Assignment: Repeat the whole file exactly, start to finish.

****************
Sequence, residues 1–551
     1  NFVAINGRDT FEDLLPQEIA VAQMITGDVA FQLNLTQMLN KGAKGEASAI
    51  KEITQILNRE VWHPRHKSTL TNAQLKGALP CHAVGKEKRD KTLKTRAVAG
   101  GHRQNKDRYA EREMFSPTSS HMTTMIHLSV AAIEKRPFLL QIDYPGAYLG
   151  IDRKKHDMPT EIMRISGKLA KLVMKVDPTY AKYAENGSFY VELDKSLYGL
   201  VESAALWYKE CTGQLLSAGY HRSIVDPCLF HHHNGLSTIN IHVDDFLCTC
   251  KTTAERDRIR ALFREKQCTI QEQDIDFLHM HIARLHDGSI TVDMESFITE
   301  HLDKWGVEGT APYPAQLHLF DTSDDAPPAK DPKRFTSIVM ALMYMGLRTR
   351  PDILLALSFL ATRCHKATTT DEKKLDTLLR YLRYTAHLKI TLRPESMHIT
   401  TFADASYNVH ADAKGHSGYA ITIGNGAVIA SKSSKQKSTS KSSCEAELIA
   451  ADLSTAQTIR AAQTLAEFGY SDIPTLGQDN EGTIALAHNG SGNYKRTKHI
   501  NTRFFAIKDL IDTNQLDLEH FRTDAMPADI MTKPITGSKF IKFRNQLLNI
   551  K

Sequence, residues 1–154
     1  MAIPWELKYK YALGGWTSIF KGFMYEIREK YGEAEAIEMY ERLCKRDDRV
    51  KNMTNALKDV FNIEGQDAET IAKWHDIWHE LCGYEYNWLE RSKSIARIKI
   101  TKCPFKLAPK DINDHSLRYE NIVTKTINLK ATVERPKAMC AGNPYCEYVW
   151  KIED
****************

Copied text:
Sequence, residues 1–551
     1  NFVAINGRDT FEDLLPQEIA VAQMITGDVA FQLNLTQMLN KGAKGEASAI
    51  KEITQILNRE VWHPRHKSTL TNAQLKGALP CHAVGKEKRD KTLKTRAVAG
   101  GHRQNKDRYA EREMFSPTSS HMTTMIHLSV AAIEKRPFLL QIDYPGAYLG
   151  IDRKKHDMPT EIMRISGKLA KLVMKVDPTY AKYAENGSFY VELDKSLYGL
   201  VESAALWYKE CTGQLLSAGY HRSIVDPCLF HHHNGLSTIN IHVDDFLCTC
   251  KTTAERDRIR ALFREKQCTI QEQDIDFLHM HIARLHDGSI TVDMESFITE
   301  HLDKWGVEGT APYPAQLHLF DTSDDAPPAK DPKRFTSIVM ALMYMGLRTR
   351  PDILLALSFL ATRCHKATTT DEKKLDTLLR YLRYTAHLKI TLRPESMHIT
   401  TFADASYNVH ADAKGHSGYA ITIGNGAVIA SKSSKQKSTS KSSCEAELIA
   451  ADLSTAQTIR AAQTLAEFGY SDIPTLGQDN EGTIALAHNG SGNYKRTKHI
   501  NTRFFAIKDL IDTNQLDLEH FRTDAMPADI MTKPITGSKF IKFRNQLLNI
   551  K

Sequence, residues 1–154
     1  MAIPWELKYK YALGGWTSIF KGFMYEIREK YGEAEAIEMY ERLCKRDDRV
    51  KNMTNALKDV FNIEGQDAET IAKWHDIWHE LCGYEYNWLE RSKSIARIKI
   101  TKCPFKLAPK DINDHSLRYE NIVTKTINLK ATVERPKAMC AGNPYCEYVW
   151  KIED